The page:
The Instructional Materials Taskforce (IMT) has provided a great opportunity to collaborate long-distance with our IMT colleagues in California, Washington, Wisconsin and New York. We each bring a different perspective shaped by our local district/state traditions and processes but are united in our goal of developing a deeper understanding of alignment. Together we are collaborating to develop mastery with the Instructional Materials Evaluation Tool (IMET) and learn how to apply it to our own unique circumstances. The conversations we have had around the IMET have challenged us to think deeply about the intent of the Common Core and the significance of the instructional Shifts. Here’s how:
Though we meet virtually, the structure of our conference calls allows, even encourages, us to go deep into understanding what it means to be aligned to the Common Core. On each conference call we focus on several of the criteria in the IMET, building an understanding of the purposes of the criteria and how they relate to each other. At first, some criteria seemed similar to each other and we questioned, in some cases, why two criteria were needed instead of just one. But as we discussed the criteria together, we identified nuances that make the need for two criteria obvious.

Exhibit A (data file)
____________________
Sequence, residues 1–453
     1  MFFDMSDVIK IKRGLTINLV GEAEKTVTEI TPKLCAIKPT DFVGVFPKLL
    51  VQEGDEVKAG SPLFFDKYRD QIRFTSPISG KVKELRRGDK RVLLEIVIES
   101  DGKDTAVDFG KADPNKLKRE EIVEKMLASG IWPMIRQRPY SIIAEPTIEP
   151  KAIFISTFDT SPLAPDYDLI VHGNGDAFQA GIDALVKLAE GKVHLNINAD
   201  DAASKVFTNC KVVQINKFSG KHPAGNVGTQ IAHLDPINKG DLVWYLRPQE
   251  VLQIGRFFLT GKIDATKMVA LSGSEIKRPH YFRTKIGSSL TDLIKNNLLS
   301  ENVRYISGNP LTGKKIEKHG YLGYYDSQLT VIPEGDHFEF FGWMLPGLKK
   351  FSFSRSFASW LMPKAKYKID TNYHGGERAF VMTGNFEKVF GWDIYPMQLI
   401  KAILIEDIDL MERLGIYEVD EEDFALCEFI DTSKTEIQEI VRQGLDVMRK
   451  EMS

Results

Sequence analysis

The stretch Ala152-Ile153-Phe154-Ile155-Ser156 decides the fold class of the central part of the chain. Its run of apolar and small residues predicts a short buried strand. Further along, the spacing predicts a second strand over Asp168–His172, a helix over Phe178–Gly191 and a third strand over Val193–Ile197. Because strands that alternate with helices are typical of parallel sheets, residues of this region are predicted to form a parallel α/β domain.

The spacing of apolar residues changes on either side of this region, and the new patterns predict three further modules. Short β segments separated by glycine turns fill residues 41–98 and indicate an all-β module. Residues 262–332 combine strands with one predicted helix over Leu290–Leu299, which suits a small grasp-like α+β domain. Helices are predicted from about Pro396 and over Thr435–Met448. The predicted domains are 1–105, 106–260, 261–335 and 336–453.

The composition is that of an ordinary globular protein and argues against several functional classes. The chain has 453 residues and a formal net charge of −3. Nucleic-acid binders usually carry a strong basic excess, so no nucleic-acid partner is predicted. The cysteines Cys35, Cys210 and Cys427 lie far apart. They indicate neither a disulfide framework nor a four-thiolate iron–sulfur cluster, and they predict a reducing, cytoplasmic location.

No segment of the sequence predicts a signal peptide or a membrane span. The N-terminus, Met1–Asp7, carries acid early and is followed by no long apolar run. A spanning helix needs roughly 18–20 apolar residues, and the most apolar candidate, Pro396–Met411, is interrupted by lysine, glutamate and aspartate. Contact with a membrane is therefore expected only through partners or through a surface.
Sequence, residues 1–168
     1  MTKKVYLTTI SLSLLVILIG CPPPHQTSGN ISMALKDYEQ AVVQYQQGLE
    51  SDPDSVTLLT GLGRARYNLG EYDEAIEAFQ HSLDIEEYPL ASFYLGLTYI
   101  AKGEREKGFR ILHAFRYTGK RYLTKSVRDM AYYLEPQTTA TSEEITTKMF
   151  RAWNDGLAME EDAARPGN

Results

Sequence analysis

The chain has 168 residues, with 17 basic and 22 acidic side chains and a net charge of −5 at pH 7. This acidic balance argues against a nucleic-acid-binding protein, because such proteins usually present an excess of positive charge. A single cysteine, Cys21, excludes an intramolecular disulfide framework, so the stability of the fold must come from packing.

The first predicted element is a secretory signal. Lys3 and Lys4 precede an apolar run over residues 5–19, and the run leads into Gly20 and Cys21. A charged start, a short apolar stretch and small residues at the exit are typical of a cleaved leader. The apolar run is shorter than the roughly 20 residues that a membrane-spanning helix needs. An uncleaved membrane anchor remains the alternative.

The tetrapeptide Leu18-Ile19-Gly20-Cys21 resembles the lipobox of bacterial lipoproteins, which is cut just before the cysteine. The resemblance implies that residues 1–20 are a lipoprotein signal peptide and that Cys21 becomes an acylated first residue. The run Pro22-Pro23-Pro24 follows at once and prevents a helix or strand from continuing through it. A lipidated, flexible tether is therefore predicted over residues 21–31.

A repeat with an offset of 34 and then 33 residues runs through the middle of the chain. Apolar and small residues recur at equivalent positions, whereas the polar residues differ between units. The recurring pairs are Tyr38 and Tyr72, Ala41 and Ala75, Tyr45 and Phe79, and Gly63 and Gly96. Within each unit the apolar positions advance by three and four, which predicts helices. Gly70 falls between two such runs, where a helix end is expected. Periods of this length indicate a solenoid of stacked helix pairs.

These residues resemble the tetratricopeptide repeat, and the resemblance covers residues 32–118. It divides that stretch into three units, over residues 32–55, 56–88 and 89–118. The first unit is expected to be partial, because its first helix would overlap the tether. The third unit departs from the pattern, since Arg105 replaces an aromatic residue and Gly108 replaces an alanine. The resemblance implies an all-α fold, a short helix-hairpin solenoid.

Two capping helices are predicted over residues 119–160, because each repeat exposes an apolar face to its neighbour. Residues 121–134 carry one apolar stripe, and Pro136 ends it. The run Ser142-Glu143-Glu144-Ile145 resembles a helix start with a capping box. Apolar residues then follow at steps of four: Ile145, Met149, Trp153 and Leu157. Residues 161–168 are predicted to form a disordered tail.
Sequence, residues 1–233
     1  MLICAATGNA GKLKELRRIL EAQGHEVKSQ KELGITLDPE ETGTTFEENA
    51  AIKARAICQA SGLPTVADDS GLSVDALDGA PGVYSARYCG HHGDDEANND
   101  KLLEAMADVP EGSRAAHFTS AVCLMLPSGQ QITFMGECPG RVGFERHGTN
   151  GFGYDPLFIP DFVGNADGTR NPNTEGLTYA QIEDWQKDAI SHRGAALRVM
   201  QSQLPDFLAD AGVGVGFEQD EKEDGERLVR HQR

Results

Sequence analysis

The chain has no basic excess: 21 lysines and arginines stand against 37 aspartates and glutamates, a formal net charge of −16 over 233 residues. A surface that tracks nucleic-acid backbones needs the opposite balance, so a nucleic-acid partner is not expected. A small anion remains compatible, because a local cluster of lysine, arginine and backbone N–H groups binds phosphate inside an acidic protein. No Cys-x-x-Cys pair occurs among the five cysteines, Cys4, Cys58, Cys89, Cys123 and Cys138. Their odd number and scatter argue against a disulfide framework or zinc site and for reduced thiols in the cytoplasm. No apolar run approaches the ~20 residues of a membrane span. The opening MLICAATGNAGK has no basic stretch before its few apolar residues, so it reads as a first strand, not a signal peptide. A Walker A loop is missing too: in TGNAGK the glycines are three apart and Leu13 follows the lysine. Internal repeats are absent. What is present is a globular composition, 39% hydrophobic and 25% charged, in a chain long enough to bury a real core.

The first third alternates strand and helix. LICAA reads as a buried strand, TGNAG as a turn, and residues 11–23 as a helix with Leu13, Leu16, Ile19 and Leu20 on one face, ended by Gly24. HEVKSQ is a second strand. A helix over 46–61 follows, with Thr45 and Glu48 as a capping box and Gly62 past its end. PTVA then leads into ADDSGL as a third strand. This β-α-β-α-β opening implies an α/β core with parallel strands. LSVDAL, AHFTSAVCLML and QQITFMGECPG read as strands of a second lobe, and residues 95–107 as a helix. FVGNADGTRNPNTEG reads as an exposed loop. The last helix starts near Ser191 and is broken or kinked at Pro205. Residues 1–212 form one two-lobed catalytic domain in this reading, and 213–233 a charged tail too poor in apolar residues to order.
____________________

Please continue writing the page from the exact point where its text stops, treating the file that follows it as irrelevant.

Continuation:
Practicing Review Together
In our conversations, we cite evidence regarding our recommendations that materials do or do not meet a particular criterion. Others in the group will cite additional evidence that supports the same conclusion or brings into question the interpretation of the criteria or the previously presented evidence. We seek to be precise in our language and in our reasoning, and we are open to learning from and questioning each other to clarify ideas and understand the criterion at hand.
Benefiting From Our Colleagues’ Expertise
While we come from different districts with different timelines and processes for selecting instructional materials, learning to use the IMET together has allowed us to also learn from each other’s experiences. For instance, some of our colleagues who have already been trained to use the IMET bring a more thorough understanding of the IMET criteria to the conversation, sharing insights that additional training has allowed them to develop. The questions and ensuing discussions demonstrate true collaboration as we all come away with a clearer understanding about the IMET, the particular criteria being considered or some aspect of the Common Core itself.